Faulkner, William. Go Down, Moses. New York, NY: Vintage, 1991. ISBN: 9780679732174.
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Mitcham, Judson. The Sweet Everlasting. Athens, GA: University of Georgia Press, 2005. ISBN: 9780820327822.
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Skins. Directed by Chris Eyre.
Crash. Directed by Paul Haggis.
Lone Star. Directed by John Sayles.
To become an accomplished writer you must read, not only for pleasure but also to learn about the range and texture and scope of literary writing that is engaged with the social world, to see what writers have done with that kind of writing, and, I hope, to be inspired with possibilities for your own writing. Part of your work for the semester, then, will be to read a great deal and to respond to what you read in writing.
I will expect roughly a page or so (a little less, a little more) of typewritten response to each short piece you read (essays, short stories), and multiple entries, or a couple of significantly longer entries, for the novels and films. Keep your notebook in a folder of some sort (no loose pages, please!), separate from class notes, handouts, and the other writing you'll be doing. Keeping your responses on a disk also is a good way to make sure a lost notebook doesn't present serious problems at the end of the semester. I expect your responses to be informal, speculative, reflective of careful reading, and written in a spirit of critical questioning and exploration, and that they will indicate your grasp of the material and the depth of your engagement with it.
Your responses should begin with a full bibliographic citation, MLA style, at the top of the page (for the novels and films, the bibliographic citation is necessary only for the first entry; title alone will suffice for subsequent entries). Then you should begin with a concise summary of what you've read (just a few sentences), then note or quote any passages that you found particularly striking or memorable (with parenthetical page citations), say what you learned from the reading, how it resonates (or doesn't) with other things we've read together. Of course I'm interested to know whether you enjoyed the reading or not, and why. You are also welcome and encouraged to refer to other things you've read or seen or thought about by way of comparing or contrasting the piece you are writing about with other elements of your experience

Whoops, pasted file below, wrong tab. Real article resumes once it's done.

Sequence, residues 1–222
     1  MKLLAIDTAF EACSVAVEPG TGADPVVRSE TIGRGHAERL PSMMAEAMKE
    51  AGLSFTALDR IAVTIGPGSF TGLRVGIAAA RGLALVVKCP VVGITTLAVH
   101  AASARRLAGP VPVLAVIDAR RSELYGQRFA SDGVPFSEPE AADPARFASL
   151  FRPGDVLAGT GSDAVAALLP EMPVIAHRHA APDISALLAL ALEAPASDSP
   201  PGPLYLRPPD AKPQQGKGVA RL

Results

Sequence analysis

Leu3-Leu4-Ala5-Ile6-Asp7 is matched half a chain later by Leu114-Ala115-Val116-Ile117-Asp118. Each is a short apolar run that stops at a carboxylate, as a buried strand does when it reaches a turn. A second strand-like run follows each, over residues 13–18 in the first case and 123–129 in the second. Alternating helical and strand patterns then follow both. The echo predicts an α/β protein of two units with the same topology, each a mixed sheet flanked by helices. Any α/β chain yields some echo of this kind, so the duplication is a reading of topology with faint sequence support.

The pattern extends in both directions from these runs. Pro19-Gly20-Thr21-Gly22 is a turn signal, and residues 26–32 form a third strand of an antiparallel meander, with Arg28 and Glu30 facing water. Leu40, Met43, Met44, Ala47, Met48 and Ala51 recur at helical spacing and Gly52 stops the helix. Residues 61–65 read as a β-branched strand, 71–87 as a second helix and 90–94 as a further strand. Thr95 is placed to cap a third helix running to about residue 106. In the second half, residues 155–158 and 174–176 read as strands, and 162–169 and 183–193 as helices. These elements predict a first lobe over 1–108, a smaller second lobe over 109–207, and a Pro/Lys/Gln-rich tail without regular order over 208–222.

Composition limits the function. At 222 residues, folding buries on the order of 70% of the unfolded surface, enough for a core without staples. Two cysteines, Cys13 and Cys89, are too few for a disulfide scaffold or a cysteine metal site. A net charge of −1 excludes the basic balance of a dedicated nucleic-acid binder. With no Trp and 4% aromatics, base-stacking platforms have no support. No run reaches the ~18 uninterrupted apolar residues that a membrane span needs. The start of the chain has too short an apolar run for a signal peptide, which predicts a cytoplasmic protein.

I will collect notebooks for a quick review regularly but randomly; please bring your notebook with you to each class meeting.
My hope is that keeping the notebook will deepen and enrich both the reading and writing you'll do in the weeks ahead and our classroom conversation, and I look forward to reading what you write.
For the Silent Reading Session, you are to bring a revision of one of the essays you've written this semester to which you would like response from readers, and you will all spend the class period reading and responding in writing to each other's work.
For the Silent Reading Session, bring with you two copies of your revised essay. Be sure your name is on your submission, and that it is typed and double-spaced, and stapled or paper-clipped together, with a couple of sheets of blank paper attached to the back of each copy so readers have room to write their responses. You should feel free to include a cover sheet if you want, saying what particular questions you have about the writing you have submitted and in what particular ways readers can help you in their response.
The procedure for the class period will be this: when you come into class, you will place your two copies of your submission on the table, pick up a copy of another person's writing, read it and respond with comments on the blank pages at the back, then return that piece and pick up another. You'll continue this until the class period is over.
As a reader, your responses, as always, should be friendly and constructive and should take the form of a brief letter. Begin by addressing your comments to the writer by name. Your response should conform roughly to the process of our class workshops: you should first comment on the strengths of what you've read—what the writer has done well, what you learned from reading the piece, what aspects of it especially interested or pleased you, particular insights you gained from it, etc. Then you can, if you are so moved (and especially if the writer has asked for suggestions), make some suggestions for how the writer might add to or revise the piece to improve it—ideas for further elaboration, things that might be included or left out, what you wanted to know more about, where you were confused or needed to know more.
As always, I'm happy to answer any questions you may have as you prepare for the session. I'll have something of my own out on the table also, for you to read if you choose.
Enjoy this occasion to share with each other some of the fruits of all your labors this semester!